Thursday, February 08, 2018
‘A rock and a hard place’. (SAR) First meeting of Confederate monument contextualization committee in St. Augustine, Florida
Good article, great photo -- let the healing begin. Our City has resisted demands to remove an 1879 Confederate monument. Instead, we're going to contextualize it. I agree.
‘A rock and a hard place’
Historian Susan Parker speaks during the City of St. Augustine Confederate Memorial Contextualization Advisory Committee’s first meeting on Wednesday at City Hall. [CHRISTINA KELSO/THE RECORD]
By Sheldon Gardner
Posted at 12:01 AM
Updated at 5:52 AM
St. Augustine Record
After months of meetings, hours of public debate and at least two protests about the city of St. Augustine’s Confederate memorial, the effort to flesh out Civil War history at the site moved ahead quietly on Wednesday.
About 10 people were in the audience at City Hall as the Confederate Memorial Contextualization Advisory Committee met for the first time. No protesters were seen at City Hall.
After deciding in October to keep the Confederate memorial in the Plaza de la Constitucion, city commissioners appointed the committee in January to bring a more complete history of the Civil War in St. Augustine to the memorial. The memorial lists 44 men who died serving the Confederacy.
All seven people on the committee attended Wednesday’s meeting: Flagler College history Professor J. Michael Butler, retired St. Johns County educator Sharyn Wilson Smith Coley, Flagler College adjunct history professor and former naval museum director Elizabeth Dove, Flagler College emeritus history Professor Thomas Graham, St. Johns County Recreation Supervisor Thomas Jackson, historian Susan Parker and Lincolnville Museum and Cultural Center Director Regina Gayle Phillips.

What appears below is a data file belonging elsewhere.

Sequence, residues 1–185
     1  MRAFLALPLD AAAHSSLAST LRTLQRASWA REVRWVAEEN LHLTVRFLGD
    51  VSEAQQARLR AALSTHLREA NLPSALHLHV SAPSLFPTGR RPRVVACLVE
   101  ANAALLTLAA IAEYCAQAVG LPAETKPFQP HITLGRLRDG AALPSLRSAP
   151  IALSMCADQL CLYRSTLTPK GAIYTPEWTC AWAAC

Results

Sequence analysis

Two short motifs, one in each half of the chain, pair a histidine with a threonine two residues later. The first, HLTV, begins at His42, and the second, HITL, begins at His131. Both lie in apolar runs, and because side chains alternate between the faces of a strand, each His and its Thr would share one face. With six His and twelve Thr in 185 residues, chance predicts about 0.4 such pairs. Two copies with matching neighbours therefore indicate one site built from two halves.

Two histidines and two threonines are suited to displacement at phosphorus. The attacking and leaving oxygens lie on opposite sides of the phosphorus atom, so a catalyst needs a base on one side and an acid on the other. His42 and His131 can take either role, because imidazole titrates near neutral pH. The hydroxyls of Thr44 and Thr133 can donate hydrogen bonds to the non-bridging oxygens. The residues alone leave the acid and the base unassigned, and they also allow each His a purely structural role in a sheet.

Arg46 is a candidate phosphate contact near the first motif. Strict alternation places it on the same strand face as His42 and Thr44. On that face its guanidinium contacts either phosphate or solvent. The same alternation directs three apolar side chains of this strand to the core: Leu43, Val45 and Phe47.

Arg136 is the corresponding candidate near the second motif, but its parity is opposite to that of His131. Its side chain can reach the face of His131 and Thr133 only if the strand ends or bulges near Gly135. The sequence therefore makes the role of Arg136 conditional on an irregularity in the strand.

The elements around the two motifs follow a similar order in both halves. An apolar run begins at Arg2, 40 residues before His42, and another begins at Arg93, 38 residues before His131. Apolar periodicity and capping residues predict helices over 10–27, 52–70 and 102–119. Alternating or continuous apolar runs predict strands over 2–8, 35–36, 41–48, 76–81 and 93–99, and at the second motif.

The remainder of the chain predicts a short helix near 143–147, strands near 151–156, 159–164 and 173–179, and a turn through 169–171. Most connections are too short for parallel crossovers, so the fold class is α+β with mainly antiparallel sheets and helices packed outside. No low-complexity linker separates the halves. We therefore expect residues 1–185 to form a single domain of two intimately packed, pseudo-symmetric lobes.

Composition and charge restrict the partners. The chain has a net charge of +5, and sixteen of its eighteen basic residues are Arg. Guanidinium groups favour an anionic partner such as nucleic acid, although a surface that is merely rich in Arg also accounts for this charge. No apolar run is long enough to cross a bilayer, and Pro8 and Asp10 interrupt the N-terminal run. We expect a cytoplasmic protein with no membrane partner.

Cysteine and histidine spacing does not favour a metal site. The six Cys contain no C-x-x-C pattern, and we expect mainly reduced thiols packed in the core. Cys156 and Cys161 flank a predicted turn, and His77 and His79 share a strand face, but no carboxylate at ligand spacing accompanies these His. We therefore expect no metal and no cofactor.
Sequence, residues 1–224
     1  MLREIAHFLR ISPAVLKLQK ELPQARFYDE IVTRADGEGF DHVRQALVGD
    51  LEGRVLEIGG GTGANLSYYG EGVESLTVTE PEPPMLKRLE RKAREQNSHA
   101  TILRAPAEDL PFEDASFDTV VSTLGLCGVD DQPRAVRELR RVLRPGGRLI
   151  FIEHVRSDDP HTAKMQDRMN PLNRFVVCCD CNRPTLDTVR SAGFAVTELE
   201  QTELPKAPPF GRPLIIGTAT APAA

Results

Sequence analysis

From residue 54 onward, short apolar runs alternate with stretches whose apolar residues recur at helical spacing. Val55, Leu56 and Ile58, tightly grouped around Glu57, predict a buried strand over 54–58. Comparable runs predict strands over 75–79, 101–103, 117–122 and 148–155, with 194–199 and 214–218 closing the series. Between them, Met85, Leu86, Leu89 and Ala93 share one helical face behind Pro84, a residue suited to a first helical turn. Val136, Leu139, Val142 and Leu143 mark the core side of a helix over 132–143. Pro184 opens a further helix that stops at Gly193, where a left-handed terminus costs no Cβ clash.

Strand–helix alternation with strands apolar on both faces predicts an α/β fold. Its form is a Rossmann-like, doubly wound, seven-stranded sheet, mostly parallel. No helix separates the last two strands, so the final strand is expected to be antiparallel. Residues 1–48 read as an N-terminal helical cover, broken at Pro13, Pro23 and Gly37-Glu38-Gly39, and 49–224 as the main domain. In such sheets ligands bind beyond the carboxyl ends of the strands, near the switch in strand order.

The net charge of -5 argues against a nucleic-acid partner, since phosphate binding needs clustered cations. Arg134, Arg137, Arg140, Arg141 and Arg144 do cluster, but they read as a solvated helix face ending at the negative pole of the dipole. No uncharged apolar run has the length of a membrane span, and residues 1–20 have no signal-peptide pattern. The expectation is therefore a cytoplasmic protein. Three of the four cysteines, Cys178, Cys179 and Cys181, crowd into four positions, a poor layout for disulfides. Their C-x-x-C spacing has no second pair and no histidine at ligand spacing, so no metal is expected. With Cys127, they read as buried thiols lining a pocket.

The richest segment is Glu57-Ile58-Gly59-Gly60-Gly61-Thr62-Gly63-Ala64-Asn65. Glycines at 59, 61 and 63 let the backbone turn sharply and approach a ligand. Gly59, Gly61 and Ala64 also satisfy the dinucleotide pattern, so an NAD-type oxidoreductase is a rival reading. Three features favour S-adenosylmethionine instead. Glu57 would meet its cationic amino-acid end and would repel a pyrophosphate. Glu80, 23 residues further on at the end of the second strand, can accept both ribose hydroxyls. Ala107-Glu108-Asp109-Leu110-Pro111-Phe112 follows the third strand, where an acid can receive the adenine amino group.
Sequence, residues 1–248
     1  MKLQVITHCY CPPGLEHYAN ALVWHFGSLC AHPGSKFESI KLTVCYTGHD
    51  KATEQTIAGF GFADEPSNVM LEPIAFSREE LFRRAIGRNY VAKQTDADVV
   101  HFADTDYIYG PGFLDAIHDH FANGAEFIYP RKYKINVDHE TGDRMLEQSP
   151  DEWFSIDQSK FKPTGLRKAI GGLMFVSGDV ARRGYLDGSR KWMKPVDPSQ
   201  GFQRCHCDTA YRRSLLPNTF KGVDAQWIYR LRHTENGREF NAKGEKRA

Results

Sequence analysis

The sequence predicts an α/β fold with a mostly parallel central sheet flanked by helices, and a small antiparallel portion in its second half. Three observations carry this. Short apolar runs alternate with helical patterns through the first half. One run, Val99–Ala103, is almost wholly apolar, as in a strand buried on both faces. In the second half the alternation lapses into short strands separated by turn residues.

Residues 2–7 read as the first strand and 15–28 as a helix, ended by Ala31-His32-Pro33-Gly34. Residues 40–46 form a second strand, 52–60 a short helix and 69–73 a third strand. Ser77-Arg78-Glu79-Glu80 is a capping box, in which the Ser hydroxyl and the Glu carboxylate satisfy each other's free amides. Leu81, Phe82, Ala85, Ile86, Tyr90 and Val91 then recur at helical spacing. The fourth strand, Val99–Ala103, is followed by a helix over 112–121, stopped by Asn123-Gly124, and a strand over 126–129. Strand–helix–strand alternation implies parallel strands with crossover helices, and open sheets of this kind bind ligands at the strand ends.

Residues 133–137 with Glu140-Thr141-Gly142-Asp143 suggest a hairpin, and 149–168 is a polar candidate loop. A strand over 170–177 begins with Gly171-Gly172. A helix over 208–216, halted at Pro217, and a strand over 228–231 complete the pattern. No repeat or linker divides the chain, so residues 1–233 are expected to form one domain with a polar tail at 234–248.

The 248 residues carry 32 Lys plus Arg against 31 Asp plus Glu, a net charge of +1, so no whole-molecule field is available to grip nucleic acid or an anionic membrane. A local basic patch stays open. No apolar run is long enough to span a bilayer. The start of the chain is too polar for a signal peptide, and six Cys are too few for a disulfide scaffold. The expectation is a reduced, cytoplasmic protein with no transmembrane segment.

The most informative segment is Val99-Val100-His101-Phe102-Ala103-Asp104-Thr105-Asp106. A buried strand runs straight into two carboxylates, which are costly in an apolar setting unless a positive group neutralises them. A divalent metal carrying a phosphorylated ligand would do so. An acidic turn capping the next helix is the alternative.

The point of the first meeting was to lay out a framework for the committee’s effort, set meeting times and elect a chair and vice chair. Committee members chose Jackson as chair and Phillips as vice chair.
Jackson, giving a nod to the tension in the community over the monument, said his concern is that committee members do their jobs well.
“There’s no any one individual looking at getting any type of accolades from this committee because this committee is kind of one of those [that’s] between a rock and a hard place — because the rock is one crowd and the hard place is the other crowd,” he said.
The committee is expected to make a recommendation to the City Commission by May about how to add context to the memorial. The committee will meet at 3 p.m. on the first and third Wednesday of each month at The Alcazar Room at St. Augustine City Hall. All their meeting materials and videos will be posted at citystaug.com/memorial.
Wednesday’s meeting also provided committee members with a briefing on their ethical responsibilities and laws regarding public records and meetings.
Since the group is appointed by the commission, committee members can only meet at publicly noticed meetings and all the records related to their business are public record, Assistant City Attorney John Cary said.
Cary also said the city does not believe there is a problem with Parker serving on the committee, even though the city has hired her to write part of its Historic Preservation Master Plan.
The group started discussing how history could be added to the site.
Graham said the Plaza already looks like it has too many monuments, and he suggested the city could add a marker or markers to the base of the monument to blend in with the architecture.
He suggested adding several historical markers that cover topics such as St. Augustine men who fought for the Confederacy and the Union, slaves in St. Augustine, and information about the memorial such as the controversy that surrounded it even in the 1800s.
Questions also arose about how much history to cover with historical markers.
“Should we tie the monument, what it represented in the mid-20th century, to the civil rights movement that happened in the downtown Plaza?” Butler asked. “Symbolically it held very, very deep meaning for both African-Americans and for whites who gathered.”
″ ... In my opinion it is more important to address the monument when it was put up ... I wouldn’t focus so much on the mid-20th Century,” Parker said. “I think I’d be more concerned about interpreting it for people in the 21st Century.”
Coley added later, “This should be all inclusive for everyone who had to fight and for everyone who had to die, whether it’s green or polka-dot, we have to be all inclusive with this language, or we’re still not going to make anyone happy. So it has to be all inclusive.”
Getting public feedback is also part of the process, and City Clerk Darlene Galambos suggested the committee reach out to veterans groups and others, which was discussed by the commission.
The next meeting is expected to delve deeper into what words could be used for markers and how other communities have added context to their own monuments.